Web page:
Businesses placing strain on natural resources


A new report entitled Accounting for Natural Capital: The Elephant in the
Boardroom was launched by CIMA, the Chartered Institute of Management
Accountants, in collaboration with EY, the International Federation of
Accountants (IFAC) and the Natural Capital Coalition, at an event at CNBC Africa
in Sandton.

In a panel discussion and with a live audience, panellists debated our
reliance on natural resources, which are dangerously thin from the demands of a
growing and more prosperous global population, and the critical role businesses
face in addressing the issue.

Report co-author, Sandra Rapacioli, Head of Sustainability Research and
Policy, CIMA, joined by live link from London, with a representative of Shell
Nigeria Gas (SNG), Nwakaego Arize-Nwokoye, Finance and Planning Manager,
joining by link from Lagos. The in-studio panellists were Francois Byleveldt from
SAP and Peter Lukey, Chief Policy Advisor: Strategic Environmental Intelligence
of the Environmental Advisory Services Unit of the Department: Environmental

Says Sandra Rapacioli, Head of Sustainability Research and Policy, CIMA:
"The depletion of natural capital will become one of the most prominent business
concerns in the 21st Century. Accounting for natural capital issues isn?t easy. But
just because it?s hard doesn?t mean it shouldn?t be done.

"We are calling on finance professionals to take action now and incorporate
natural capital considerations into strategic planning and business decisions,
before the regulatory axe falls. They have the skills and oversight to show the
connections between natural capital, commercial opportunity and business risk,
and ultimately, financial performance. Financial professionals need to lead the
change to prevent their organisations failing in today?s ever changing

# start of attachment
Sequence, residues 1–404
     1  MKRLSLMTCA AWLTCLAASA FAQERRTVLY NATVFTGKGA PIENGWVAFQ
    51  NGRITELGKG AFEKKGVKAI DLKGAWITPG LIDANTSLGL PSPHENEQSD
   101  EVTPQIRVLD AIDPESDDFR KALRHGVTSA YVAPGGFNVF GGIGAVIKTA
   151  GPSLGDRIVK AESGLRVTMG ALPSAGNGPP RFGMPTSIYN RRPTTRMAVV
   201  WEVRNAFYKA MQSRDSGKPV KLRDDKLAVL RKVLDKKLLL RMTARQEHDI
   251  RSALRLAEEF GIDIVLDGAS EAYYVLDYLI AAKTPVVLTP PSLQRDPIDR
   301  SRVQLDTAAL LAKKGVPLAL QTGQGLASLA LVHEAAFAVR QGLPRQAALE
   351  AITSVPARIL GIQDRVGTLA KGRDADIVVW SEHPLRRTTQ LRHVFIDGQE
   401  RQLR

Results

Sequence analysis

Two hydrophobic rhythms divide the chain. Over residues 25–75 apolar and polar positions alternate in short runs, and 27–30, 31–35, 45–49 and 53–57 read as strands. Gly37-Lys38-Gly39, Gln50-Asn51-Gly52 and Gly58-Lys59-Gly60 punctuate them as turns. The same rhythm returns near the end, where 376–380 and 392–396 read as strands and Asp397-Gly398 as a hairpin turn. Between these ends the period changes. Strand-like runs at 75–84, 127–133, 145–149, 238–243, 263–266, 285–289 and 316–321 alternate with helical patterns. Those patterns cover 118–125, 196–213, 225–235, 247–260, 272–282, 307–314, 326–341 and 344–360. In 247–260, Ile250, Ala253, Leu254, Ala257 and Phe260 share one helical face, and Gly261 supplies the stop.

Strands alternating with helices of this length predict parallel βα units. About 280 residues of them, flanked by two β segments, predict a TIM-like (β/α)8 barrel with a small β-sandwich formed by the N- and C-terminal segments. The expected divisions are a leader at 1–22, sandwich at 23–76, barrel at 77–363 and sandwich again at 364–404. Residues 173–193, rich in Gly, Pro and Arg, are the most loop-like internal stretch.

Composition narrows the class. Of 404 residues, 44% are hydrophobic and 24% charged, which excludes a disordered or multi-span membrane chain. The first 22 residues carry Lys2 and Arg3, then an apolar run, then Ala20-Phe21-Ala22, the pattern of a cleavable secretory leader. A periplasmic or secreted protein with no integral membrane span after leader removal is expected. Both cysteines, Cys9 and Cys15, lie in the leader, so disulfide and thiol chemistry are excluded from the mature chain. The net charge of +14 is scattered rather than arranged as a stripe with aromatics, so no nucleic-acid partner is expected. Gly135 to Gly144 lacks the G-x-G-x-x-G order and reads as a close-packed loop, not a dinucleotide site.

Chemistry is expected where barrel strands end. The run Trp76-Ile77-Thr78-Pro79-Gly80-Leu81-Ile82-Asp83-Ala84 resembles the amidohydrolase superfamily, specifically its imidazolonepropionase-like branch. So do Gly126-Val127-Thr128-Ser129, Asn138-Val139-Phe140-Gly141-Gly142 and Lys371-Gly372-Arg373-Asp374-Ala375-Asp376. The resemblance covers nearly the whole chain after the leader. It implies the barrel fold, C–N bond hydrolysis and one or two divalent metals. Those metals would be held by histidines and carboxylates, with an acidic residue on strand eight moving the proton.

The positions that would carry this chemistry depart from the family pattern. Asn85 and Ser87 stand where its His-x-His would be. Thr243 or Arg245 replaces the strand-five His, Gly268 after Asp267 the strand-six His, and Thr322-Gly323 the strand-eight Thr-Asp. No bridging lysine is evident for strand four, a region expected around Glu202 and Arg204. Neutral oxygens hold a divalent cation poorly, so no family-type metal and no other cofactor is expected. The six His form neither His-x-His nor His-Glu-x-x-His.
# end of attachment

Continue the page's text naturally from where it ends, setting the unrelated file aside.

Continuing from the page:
environment, or face a stark choice- adapt or fail.'

The report highlights how, despite its importance, natural capital is largely
ignored by investors as boardrooms continue to focus on short-term
management decisions and priorities. The true cost to society from the impact of
business activity on natural resources is not reflected in corporate accounts and
finance professionals, especially those in leadership roles, have a vital role in
helping navigate their organisations through the challenges and opportunities
which the depletion of our natural resources will create.

By outlining the key steps professional accountants and others in financial
leadership positions can take, the report shows how they can help their
companies to integrate natural capital considerations into decision making,
resource allocation and reporting, and to adapt to growing competition for ever
more scarce natural resources.

Says Rapacioli: "Organisations that respond swiftly, embracing
opportunities to innovate and manage their risks will thrive. Some of the
companies that are taking proactive approaches include Dow Chemical,
Kingfisher and Coca Cola. Organisations that do nothing will suffer from rising
input costs, risks to their supply chain and reputational damage.'

The ways in which finance professionals can galvanise their organisations are
set out below. For further tips, advice and case studies, the report is available at
target="_new">Cima website

? Raise natural capital as a strategic issue and make the business case for it
in the boardroom
? Measure your natural capital inputs and impacts; value these where
? Integrate natural capital into decision making
? Engage in the debate around natural capital and business; contribute to
the development of the Natural Capital Protocol
? Develop skills for natural capital accounting in your teams

The panel discussion will air on CNBC Africa on DSTV channel 410 on 26 June
2014 at 14:00 CAT.

What do you think?
Who should pay for the depletion of natural resources?